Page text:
Congratulations! Your child is now reading independently. But now you have a new challenge: how do you keep them reading? How can you encourage reading when there are so many other diversions out there – sports, television, video games, the Internet – competing for their time?
The good news is, the solutions are not complex and provide great ways to continue bonding with your children. Just as parents and younger children enjoy “lap time” together with a picture book, there are ways to enjoy books with older children as well. Here are some ideas:
Have regular trips to the library: When children go to the library regularly, they gain the skills to find books they like. They figure out where their favorite authors are shelved, where to look for new releases, and maybe even how to reserve the titles they want for the next trip.
Make a trip to the bookstore a celebratory tradition: Many families like to start summer break with a trip to the bookstore to start vacation reading (and sign up for the summer program). Seeking out local bookstores while on vacation is a great way to enjoy the “local flavor.” A trip to the bookstore is also a great way for visiting grandparents to spend time with a child and get to know his or her tastes.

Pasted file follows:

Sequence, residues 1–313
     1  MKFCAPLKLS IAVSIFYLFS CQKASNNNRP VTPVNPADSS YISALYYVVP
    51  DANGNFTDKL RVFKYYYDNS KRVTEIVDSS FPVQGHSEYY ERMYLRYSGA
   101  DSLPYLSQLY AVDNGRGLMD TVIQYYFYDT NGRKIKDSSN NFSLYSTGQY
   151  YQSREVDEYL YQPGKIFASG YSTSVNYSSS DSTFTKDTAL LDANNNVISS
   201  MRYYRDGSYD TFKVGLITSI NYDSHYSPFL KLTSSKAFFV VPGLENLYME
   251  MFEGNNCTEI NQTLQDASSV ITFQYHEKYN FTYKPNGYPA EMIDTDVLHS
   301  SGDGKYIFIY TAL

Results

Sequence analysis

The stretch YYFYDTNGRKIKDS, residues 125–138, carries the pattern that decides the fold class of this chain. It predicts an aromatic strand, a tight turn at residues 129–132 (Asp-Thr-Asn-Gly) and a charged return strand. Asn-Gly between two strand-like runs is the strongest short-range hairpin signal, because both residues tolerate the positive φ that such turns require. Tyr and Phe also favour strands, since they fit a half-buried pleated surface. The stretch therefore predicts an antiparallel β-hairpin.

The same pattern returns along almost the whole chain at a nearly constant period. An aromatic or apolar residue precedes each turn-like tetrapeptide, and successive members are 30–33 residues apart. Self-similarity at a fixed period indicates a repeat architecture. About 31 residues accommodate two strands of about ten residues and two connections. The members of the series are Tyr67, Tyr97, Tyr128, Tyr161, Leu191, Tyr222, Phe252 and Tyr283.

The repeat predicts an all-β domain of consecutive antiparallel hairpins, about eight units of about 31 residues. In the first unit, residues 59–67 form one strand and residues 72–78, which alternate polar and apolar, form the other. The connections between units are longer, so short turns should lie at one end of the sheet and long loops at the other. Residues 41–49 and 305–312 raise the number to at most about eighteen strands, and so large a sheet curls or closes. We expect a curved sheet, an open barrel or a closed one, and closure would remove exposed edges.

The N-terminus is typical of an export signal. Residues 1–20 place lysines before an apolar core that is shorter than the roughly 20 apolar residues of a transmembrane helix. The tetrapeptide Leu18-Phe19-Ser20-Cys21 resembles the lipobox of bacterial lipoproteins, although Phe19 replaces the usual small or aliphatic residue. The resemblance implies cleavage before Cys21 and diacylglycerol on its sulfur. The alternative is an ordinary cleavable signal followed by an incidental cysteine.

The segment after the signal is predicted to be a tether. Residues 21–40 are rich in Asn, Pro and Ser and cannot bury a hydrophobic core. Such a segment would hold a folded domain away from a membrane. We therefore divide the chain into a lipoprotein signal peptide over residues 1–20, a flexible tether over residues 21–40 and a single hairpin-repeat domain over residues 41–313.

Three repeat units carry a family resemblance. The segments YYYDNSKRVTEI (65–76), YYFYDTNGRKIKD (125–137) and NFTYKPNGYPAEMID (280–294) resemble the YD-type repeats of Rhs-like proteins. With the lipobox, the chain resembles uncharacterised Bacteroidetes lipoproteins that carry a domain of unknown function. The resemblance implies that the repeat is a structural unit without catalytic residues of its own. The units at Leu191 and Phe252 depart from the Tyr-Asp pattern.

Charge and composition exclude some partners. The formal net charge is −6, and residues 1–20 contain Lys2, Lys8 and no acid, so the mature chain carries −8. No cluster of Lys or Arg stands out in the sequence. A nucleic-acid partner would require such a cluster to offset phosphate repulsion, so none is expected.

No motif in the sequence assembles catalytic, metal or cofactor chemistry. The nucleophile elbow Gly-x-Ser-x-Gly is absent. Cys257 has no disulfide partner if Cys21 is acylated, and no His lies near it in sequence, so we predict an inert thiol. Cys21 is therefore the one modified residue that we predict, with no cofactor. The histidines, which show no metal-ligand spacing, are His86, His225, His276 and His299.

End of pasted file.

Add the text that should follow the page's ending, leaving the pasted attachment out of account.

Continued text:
Continue to read to your child: Even though your child can now read independently, reading aloud can still play an important role in their reading lives. Children can understand stories on a level that exceeds their reading abilities. By hearing stories, children become exposed to new vocabulary words, can ask you questions and experience the richness of language through your interpretation. You can even have a whole-family read-aloud. For more information on reading aloud, visit the website of read aloud advocate Jim Trelease, www.trelease-on-reading.com. You will find fascinating facts and tips on reading aloud to your child.
Read near them: While many adults fill their reading time with magazines, newspapers and the Internet, make sure your children also catch you reading and enjoying books. Then make room on the couch and read together!
Read their books: Consider reading what your children are reading. Your children will appreciate your interest, and you will have some fascinating discussions about characters, problem-solving and story endings. Or you can help them expand on topics raised in books: Rick Riordan’s Percy Jackson series is a terrific jumping-off point for Greek mythology. Parent-child book clubs are another great way to explore books in tandem; check your local library for groups. If you need help starting one in your area, ask your library or school PTA for help. Many books have readers guides to help you get started.